Lindeman Lake and Greendrop Lake – Chilliwack lake Provincial Park
Day Dreamer NE IPA – Coast Mountain Brewing
On May 27th, 2018 I decided to check out a trail in the Chilliwack region. One of my Facebook Friends had been out to Lindeman Lake in Chilliwack Lake Provincial Park and the area was snow free so I decided to head out that way. There is still so much snow in the backcountry still and I prefer to be on trail when the snow gets as bad as it is now.
Chilliwack Lake Provincial Park is located an hour up Chilliwack Lake Road where the road ends. Chilliwack Lake Road is about an Hour from Vancouver. The park is 150km from Vancouver. The parking lot for Lindeman Lake trailhead is on the left side of the road just before arriving at Chilliwack Lake. Like every hike I have mentioned so far you need to get to this hike early as it gets quite busy.
The trail starts pretty easy but it starts to rise quite quickly. This is not the Grouse Grind or The Chief but it is not an easy climb for many. From the parking lot Lindeman Lake is located 1.5km from the road and ends at around 2.5km. The trail rises up a fairly rugged trail with roots, rocks and steep slopes.
Lindeman Lake is beautiful and rugged with steep rocky slopes on all sides. When I arrived at the lake it was still pretty cloudy but the colour of the water is amazing. Near the beginning of the lake you will find the camp ground. The camp ground is a very popular spot on weekends. As you continue along the lake you will have to climb up and over lots of talus or scree.
Once you reach the end of the lake you can start the trek to Greendrop Lake. Greendrop Lake is anouther 4km from the end of Lindeman Lake. With the spring runoff going on Lindeman Lake was quite flooded and so was the trail between Lindeman and Greendrop. The usual trek on the trail with some climbing on scree turned into a lot extra scree climbing as much of the first portions of the trail past Lindeman were fully flooded. A usually easy creek crossing turned into a bit of a rock hop and route hunt on top of the already flooded trail. Once off the scree you end up walking though the forest beside the creek for quite some time. Then around 1km from Greendrop Lake I ran into snow and ice. The snow was patchy but there was quite a bit of it still.
When I arrived at Greendrop Lake it was more flooded than Lindeman Lake. So I continued up the trail on the right hand side to the last tent pad at the campground. From here I was able to get down to the lake to get more photos and find a good seat with a view.
This is where I sat down for lunch and my Trail Brew. I will get to that in a bit but I wanted to share my photos from Lindeman Lake on the return trip as the clouds had broken and the lake really came alive.
Both are beautiful lakes with wonderful views but While Lindeman Lake is more stunning it is also a zoo as the day goes on so I recommend continuing on to Greendrop if you are up for the challenge.
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Like always a hike is better with a trail beer at your final destination. While sitting at Greendrop Lake I cracked open a Day Dreamer NE IPA from Coast Mountain Brewing in Whistler BC.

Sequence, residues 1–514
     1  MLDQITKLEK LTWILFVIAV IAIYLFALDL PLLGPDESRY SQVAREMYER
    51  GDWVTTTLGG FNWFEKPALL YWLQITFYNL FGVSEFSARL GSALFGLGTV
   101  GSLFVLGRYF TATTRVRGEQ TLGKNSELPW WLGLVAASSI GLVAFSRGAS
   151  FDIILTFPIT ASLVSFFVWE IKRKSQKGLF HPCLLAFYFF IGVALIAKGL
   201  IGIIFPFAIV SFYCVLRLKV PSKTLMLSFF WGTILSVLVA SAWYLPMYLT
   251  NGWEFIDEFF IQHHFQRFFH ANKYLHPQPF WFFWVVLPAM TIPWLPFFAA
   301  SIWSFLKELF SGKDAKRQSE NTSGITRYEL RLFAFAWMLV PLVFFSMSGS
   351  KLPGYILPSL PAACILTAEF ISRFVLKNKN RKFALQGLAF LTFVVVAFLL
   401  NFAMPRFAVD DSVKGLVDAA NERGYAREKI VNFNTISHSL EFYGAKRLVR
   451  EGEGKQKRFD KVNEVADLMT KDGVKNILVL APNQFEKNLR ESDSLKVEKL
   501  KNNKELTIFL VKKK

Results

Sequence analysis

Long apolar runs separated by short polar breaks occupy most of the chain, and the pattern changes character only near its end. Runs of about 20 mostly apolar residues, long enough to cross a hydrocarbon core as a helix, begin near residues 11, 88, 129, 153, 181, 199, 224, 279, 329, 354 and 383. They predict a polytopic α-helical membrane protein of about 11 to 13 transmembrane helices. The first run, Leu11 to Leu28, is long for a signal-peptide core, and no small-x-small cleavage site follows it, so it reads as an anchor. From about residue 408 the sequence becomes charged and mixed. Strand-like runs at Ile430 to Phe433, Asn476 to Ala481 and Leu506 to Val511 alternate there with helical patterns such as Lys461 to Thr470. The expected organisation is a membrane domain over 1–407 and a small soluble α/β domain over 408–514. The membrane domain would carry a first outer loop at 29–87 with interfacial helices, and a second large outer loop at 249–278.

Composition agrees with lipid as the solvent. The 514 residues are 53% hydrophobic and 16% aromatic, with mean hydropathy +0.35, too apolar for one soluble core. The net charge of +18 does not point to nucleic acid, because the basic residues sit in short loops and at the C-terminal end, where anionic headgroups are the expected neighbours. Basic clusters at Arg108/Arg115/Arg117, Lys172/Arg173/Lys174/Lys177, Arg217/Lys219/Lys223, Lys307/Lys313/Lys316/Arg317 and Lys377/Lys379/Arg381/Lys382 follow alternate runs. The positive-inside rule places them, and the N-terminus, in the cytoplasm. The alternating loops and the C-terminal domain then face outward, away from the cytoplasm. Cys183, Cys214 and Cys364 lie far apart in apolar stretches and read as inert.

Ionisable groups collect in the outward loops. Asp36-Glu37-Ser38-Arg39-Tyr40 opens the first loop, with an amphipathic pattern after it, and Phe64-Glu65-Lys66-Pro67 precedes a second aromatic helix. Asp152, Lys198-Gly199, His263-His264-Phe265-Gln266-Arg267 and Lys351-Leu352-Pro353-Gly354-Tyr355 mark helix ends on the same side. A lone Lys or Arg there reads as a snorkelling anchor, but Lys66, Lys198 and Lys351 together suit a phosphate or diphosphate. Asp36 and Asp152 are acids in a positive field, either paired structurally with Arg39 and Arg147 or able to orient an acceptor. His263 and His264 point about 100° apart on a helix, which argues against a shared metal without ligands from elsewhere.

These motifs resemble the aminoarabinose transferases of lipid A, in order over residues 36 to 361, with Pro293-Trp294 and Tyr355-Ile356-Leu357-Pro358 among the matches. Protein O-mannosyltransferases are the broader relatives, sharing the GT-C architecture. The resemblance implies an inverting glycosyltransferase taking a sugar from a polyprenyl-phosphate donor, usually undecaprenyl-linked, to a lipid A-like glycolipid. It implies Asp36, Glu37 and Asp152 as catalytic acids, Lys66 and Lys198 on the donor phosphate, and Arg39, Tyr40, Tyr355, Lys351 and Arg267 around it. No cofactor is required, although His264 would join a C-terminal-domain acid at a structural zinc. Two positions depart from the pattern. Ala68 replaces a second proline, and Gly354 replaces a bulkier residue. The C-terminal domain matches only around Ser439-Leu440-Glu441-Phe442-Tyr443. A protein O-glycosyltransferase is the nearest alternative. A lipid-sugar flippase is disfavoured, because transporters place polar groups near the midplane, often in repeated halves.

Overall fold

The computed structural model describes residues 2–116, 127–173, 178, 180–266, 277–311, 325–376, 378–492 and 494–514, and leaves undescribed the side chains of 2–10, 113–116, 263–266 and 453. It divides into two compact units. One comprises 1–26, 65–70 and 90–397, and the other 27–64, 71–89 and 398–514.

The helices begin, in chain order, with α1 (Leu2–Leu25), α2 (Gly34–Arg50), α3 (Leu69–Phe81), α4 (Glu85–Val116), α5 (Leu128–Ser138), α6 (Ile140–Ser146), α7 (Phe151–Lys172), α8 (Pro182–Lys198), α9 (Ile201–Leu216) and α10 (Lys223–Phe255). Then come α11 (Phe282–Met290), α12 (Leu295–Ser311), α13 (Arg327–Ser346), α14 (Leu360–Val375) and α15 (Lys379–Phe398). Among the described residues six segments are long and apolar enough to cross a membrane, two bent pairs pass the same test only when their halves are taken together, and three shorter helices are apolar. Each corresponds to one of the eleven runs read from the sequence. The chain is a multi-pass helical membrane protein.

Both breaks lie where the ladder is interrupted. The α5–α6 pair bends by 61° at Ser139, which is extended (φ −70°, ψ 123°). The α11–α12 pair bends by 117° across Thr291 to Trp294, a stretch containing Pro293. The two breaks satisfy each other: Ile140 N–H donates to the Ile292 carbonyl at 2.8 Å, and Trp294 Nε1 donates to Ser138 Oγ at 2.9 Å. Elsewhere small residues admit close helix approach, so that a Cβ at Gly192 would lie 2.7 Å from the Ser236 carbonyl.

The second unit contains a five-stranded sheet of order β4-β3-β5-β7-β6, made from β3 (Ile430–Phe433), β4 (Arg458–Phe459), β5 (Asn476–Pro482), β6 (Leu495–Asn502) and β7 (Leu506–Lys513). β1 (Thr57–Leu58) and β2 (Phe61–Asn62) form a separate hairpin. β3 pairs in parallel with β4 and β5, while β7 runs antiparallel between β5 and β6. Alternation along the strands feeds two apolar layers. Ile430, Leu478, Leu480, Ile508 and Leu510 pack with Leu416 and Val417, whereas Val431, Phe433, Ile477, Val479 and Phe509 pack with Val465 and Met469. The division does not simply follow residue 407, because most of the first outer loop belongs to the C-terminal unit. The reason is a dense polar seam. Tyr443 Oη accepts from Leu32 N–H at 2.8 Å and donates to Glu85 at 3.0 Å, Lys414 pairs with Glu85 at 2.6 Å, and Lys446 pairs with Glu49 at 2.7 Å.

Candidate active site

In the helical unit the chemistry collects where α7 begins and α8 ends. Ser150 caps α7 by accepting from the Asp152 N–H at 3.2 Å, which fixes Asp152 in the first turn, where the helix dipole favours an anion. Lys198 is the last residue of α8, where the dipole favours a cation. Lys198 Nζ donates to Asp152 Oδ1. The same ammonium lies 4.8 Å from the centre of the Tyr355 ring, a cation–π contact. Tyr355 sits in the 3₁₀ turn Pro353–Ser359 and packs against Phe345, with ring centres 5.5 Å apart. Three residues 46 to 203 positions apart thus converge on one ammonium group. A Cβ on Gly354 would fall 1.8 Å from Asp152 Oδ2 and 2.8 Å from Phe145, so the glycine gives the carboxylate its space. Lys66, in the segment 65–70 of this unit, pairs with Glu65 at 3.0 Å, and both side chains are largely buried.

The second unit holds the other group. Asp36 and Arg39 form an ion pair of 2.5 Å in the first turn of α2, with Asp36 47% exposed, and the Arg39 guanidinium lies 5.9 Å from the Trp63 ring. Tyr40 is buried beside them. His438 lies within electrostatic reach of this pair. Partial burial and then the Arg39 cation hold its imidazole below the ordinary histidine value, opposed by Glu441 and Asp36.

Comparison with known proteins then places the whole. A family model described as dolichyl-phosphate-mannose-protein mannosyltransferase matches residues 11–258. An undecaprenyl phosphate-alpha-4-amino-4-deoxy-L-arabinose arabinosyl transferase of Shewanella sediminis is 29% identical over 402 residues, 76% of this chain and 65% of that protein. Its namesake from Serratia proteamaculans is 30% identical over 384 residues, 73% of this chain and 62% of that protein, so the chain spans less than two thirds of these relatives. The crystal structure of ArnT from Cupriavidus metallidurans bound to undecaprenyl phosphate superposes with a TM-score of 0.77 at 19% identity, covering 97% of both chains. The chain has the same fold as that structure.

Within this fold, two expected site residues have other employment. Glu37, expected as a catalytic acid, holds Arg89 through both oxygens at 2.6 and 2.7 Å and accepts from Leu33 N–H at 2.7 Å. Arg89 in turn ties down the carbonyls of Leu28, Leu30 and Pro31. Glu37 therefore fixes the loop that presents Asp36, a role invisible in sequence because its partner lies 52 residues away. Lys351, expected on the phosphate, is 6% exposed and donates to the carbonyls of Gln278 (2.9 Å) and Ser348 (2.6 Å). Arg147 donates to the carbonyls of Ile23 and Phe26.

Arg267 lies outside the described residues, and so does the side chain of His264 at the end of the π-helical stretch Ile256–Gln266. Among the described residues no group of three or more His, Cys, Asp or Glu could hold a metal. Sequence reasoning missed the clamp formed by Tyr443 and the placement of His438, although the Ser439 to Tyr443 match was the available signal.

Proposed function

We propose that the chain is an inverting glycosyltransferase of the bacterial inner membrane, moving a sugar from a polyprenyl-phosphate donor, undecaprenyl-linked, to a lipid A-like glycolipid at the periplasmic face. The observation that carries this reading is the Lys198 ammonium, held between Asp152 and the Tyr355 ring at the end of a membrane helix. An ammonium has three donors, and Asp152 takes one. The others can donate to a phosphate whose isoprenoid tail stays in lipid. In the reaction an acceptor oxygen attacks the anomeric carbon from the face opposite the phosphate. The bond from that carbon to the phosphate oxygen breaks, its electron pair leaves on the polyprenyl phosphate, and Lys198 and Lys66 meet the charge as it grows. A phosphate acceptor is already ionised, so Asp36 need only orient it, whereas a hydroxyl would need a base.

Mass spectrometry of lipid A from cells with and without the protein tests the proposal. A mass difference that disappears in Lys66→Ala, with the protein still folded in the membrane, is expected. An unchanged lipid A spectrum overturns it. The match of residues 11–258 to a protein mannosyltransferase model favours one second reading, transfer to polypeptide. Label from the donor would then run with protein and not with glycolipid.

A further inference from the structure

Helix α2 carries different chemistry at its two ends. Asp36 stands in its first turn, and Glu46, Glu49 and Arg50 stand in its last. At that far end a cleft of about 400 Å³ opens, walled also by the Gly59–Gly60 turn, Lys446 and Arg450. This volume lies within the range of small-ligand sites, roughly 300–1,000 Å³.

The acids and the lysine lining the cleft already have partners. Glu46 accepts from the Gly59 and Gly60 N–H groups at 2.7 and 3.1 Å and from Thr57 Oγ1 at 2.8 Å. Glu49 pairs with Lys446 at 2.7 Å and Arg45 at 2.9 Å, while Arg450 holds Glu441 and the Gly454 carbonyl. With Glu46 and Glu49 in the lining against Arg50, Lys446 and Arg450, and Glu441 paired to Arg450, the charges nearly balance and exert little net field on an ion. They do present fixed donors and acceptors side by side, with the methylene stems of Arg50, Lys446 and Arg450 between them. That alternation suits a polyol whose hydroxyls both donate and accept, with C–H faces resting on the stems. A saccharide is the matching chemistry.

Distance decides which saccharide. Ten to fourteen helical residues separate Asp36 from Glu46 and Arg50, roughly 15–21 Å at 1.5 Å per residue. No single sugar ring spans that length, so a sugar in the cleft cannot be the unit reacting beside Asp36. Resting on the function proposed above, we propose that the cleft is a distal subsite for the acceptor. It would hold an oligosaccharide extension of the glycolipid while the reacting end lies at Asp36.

The beer pours into my B Cup a murky orange colour with a white head. The aroma consists of tropical fruit, mango and some sweetness basically fruit juice. The flavour is of mango, pineapple, juicy hops, citrus rind, some dankness, oat, resin and a low bitterness. The alcohol content comes in at 6% with an IBU of 25. Kevin has hit this one out of the park in my opinion. Lots of juicy hops with just enough bitterness to still be on point for style.
Commercial Description: Beautiful hazy, juicy goodness with notes of tropical fruits and citrus throughout. Brewed with generous additions of Canadian flaked oats, flaked wheat and tremendous late and dry-hop additions of Citra hops.
P.S. Camp fires are not only illegal in almost every Provincial Park in British Columbia in the backcountry but they are also very dangerous. Fires that are not put out 100% can spark up again and start a massive forest fire. On this exact trail a few years back my Mom and I with the help of a few other hikers put out a spreading fire from ignorant campers. If we had not arrived right then the fire would have spread quickly in the dry conditions and blocked the only exit out from Lindeman Lake and Greendrop Lake. Fires can also spread down into root systems of trees if you are not careful and spread without your knowledge depending on the soil you start your fire on. When I arrived at Greendrop Lake there was a group of 4 that had only partially extinguished their fire before I asked them to make sure to pour lots of water on it. I have a feeling they would have just left it and that could have spelled trouble for me after lunch. It is illegal and just not needed in the backcountry unless you are hurt or lost. If that is not enough to stop you the Maximum fine for starting a forest fire for an individual is 1 year in prison and $100,000 with the option to force you to pay for the firefighting costs on top of that.
Here is a story of a BC man that was appealing his $860,000 fine for starting a forest fire while camping on his own property that spread to crown land. Click here.
Disclaimer: Drinking while excising and hiking can be dangerous and can put you in serious danger or lead to your death. These posts do not recommend that you drink while you hike but if you decide too make sure to be a responsible adult.
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Reblogged this on Mike's Craft Beer.